Robbinsdale district to hold public meeting Jan. 13 Go to Facilities Study page
"We will keep our referendum promises to lower class size and restore some of the programs and activities that were cut over the last two years," said Superintendent Stan F. Mack. "We can sustain these restorations for a longer period of time by right-sizing our operation."
The four options that will be considered by the board propose closing different combinations of schools. The "Two Phases" option would close Pilgrim Lane and Lakeview Elementary Schools in 2009-10 and close a middle school in 2012-13. The "K-6" option moves 6th grade to elementary schools, closes Northport and Lakeview Elementary Schools and Robbinsdale Middle School in 2009-10. Most Northport and Lakeview students would move to the former Robbinsdale Middle School space alongside Robbinsdale Spanish Immersion School (RSIS). The "K-5" option closes Pilgrim Lane and Sunny Hollow Elementary Schools and Sandburg Middle School in 2009-10. It also moves RSIS to Sunny Hollow. A "K-5" option variation would close Pilgrim Lane and Noble Elementary Schools and Sandburg Middle School in 2009-10. It moves RSIS to Sandburg.
The Wold team chose the K-5 option as its recommendation because:
- It is the most efficient as it achieves the highest percentage capacity of any of the options;
- It produces immediate savings in operations costs;
- Enrollment projections indicate the district will likely be right-sized for the next 10 years;
- It preserves and potentially enhances current education initiatives for all grades;
- It aligns four elementary schools and one middle school with each high school attendance area which aligns all schools to potentially offer International Baccalaureate or Advanced Placement programming;
- It relocates the popular Spanish immersion program (which has a large waiting list each year) to a building where a decision to grow the program by one section at each grade level is possible.
"The other options don't deliver the same scale of benefits, and they don't support as efficient a delivery of educational initiatives," said Scott McQueen, project manager for Wold.
No matter which option is chosen by the school board, the popular International Baccalaureate Middle Years Program (IBMYP) and the pre-Advanced Placement programs at the middle school level would be kept intact, and in some options would have an opportunity to expand.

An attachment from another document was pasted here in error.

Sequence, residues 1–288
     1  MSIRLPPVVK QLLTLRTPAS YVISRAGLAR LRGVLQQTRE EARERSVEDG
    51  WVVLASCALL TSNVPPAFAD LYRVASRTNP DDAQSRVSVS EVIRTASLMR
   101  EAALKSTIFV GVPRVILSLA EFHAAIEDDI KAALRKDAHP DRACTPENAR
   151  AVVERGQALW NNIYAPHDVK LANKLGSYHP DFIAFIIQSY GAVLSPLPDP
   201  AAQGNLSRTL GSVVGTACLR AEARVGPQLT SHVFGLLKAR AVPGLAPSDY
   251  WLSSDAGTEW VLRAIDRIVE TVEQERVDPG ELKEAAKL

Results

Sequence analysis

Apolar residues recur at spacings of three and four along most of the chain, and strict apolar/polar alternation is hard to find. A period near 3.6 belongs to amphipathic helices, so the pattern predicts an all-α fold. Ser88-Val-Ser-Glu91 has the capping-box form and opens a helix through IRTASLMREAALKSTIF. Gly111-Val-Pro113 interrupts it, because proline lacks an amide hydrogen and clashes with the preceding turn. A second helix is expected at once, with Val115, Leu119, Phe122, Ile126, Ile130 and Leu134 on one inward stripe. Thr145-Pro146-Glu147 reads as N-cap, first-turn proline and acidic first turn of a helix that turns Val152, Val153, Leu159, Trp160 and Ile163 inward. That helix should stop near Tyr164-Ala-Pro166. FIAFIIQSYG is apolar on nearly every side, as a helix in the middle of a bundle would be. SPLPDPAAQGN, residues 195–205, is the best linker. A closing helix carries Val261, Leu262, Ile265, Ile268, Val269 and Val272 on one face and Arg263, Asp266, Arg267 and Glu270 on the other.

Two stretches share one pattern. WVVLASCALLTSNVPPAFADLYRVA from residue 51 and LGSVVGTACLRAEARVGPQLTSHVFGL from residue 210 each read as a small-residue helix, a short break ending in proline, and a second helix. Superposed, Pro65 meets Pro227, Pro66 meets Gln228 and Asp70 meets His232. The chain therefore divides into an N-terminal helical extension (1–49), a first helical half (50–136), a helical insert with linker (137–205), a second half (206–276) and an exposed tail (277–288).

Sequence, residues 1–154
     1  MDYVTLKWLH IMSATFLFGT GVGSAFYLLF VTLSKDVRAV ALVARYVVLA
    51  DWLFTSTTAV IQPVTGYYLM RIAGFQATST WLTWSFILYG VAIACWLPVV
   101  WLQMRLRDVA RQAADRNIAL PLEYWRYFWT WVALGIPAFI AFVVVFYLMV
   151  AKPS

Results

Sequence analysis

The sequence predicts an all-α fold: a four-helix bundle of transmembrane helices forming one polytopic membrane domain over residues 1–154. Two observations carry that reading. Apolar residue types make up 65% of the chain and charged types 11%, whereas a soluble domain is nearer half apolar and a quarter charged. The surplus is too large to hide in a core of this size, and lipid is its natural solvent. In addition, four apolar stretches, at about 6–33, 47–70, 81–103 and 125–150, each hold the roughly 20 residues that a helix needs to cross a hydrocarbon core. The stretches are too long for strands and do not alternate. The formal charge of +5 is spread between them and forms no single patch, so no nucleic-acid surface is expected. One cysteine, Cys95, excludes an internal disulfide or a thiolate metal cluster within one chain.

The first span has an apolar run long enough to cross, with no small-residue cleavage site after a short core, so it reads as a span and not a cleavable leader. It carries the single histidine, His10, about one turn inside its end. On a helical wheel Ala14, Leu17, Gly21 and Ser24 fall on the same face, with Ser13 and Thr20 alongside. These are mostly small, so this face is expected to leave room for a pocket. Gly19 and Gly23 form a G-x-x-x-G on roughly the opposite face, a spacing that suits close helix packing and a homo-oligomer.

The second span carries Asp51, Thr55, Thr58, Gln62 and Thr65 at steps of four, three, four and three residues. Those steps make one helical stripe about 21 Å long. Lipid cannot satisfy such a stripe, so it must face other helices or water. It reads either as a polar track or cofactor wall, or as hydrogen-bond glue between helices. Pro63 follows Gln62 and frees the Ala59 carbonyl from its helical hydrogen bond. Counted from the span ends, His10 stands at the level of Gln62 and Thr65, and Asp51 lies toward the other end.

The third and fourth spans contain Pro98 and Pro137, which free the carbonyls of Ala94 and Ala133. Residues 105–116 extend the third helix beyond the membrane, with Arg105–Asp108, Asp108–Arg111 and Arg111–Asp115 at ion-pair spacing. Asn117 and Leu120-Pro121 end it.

"We understand that closing facilities is very hard for families, students, staff and community members," added Mack. "We wish there were other alternatives to closing buildings, but this painful process has been something we've needed to do every few years since the 1970s after our enrollment peaked."
Assumptions and criteria
The Wold team evaluated various options to solve the district's excess capacity problem using the following assumptions and criteria:
- Recommend creative solutions equal to the scale of the excess capacity problem
- Focus on options that save the most money or provide added value at the least expense
- Recommend buildings to be closed and sold
- Solutions must geographically balance schools across the district
- Solutions must preserve remodeled buildings and divest of unremodeled buildings when possible
- Close smaller schools before larger schools; smaller schools are less efficient to operate than larger schools
- Close schools with small attendance before those with larger attendance; schools with small attendance are less efficient than schools with larger attendance.
The public is invited to ask questions and provide input at a meeting Tuesday, January 13, 2009, 7 p.m. at Robbinsdale Cooper High School, 8230 47th Ave. N., New Hope.
The Wold team said in a mid-study report in December that the district currently has excess capacity of 1,450 students at the elementary level and 800 at the district's middle schools. According to demographer Hazel Reinhardt, the district's enrollment is expected to stabilize at the elementary level in the next few years, and will not see an increase in enrollment in the next 10 years. "The district is doing a good job of retaining students from year to year, but there are simply fewer children entering kindergarten each year primarily due to lower birthrates which will lead to a continuing decline in enrollment," she said.
Robbinsdale Area Schools' peak enrollment was 28,101 students in 1971. Since then, the school-aged population has declined, and the district's enrollment has dropped. In 2005-06, enrollment was 13,087. This year's enrollment is 12,349, a drop of nearly 750 students since 2005-06 when the district last closed a facility (New Hope Elementary). Since 1971, the district has continuously evaluated its facilities needs and closed facilities when necessary. In 1972, prior to the inception of the community education and special education programs, 31 buildings were open. Currently, 15 buildings are used as schools; five are used by community education, special education, administration and other programs; four have been leased to other organizations; and seven have been closed and sold.